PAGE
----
I was recently asked to do the job of handing out the honor of opening and closing the ark during davening on Rosh HaShannah and Yom Kippur and was wondering if there was any halachic significance to getting an honor to open the ark? More importantly, would someone be halachicly forbidden to receive that honor (for instance a Kohen who has married a divorcee)?
The Ba'er Heiteiv and the Mishnah Brurah (Orach Chayim 104, 2 in the BH, 9 in the MB) say
העולם חושבים זה קצת למצוה
that the people consider opening the ark to be somewhat of a mitzvah.
In context, they say that if one is finished with Shmone Esrei and has said the pasuk "Yihyu l'ratzon imrei fi", but has not yet stepped out of position at Oseh Shalom, he can go up to open the ark before taking the steps back, because it's considered something of a mitzvah.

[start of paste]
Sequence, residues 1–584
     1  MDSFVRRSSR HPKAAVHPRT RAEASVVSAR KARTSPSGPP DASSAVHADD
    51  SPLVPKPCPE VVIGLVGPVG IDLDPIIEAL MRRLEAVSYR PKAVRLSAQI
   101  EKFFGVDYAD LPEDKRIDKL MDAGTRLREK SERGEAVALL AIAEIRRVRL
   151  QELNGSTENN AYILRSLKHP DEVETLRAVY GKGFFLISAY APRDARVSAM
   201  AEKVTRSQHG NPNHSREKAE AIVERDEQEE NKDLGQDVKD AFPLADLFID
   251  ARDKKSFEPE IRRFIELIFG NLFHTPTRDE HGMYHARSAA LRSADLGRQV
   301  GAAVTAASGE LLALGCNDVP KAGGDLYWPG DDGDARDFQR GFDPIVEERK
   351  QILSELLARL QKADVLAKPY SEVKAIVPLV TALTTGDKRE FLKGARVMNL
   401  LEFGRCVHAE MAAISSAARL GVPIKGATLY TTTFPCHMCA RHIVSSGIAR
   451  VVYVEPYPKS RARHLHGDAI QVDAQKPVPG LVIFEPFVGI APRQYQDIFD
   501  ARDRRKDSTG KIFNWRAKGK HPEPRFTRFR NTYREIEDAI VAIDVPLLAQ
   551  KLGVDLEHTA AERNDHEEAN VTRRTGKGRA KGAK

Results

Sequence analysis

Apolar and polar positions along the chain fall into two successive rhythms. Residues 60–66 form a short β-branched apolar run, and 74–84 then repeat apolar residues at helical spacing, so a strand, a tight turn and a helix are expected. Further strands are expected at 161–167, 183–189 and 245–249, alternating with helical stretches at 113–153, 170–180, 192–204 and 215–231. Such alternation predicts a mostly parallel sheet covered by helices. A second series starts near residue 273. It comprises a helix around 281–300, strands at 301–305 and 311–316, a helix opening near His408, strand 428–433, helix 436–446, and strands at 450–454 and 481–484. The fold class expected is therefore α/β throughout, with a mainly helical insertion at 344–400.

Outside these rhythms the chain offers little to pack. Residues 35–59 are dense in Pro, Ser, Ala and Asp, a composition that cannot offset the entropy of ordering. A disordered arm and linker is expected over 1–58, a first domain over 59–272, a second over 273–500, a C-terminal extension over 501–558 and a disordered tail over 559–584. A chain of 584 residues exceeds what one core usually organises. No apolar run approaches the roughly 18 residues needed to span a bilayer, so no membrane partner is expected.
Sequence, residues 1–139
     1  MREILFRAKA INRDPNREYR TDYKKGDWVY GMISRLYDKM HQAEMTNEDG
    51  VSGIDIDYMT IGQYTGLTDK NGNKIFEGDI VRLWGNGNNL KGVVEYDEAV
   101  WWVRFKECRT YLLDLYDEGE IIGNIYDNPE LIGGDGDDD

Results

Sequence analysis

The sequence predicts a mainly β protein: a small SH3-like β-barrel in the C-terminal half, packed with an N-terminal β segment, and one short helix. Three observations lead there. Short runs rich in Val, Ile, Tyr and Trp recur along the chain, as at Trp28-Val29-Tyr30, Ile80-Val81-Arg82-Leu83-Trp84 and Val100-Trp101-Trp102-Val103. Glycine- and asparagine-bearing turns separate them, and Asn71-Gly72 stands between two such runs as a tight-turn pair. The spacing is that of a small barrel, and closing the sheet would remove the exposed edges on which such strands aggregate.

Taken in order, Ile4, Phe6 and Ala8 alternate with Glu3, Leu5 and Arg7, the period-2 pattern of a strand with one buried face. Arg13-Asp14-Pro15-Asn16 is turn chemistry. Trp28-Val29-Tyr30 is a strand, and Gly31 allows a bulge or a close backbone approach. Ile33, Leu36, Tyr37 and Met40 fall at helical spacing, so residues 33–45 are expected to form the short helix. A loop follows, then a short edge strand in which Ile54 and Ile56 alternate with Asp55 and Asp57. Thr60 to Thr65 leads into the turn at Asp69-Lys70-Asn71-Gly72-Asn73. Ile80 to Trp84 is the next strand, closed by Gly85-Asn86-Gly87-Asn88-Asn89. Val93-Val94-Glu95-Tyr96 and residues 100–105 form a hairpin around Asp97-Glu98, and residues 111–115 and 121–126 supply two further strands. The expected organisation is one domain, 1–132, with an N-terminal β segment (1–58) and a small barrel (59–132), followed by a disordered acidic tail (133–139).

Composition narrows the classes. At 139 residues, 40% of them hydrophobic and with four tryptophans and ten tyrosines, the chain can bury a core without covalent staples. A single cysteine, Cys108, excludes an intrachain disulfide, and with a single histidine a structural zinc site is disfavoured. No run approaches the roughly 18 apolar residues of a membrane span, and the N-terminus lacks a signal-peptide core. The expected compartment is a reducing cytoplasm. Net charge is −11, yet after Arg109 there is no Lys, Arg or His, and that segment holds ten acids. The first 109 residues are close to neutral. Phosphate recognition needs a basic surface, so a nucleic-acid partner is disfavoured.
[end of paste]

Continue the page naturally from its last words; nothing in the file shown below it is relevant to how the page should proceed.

My understanding is that the halachic significance ends there. There is no obligation of opening the ark that the congregation must meet, and there's really no halachic need for the ark to be opened at all (unless the Torah is removed to be read).
Regarding who can do it, that sounds like a policy question, for the rabbi of the community or other decision makers. Does the community want to publicly honor someone who has done X? (The answer could well be "yes"--consider the declaration at the beginning of Yom Kippur welcoming the sinners to pray with the community.)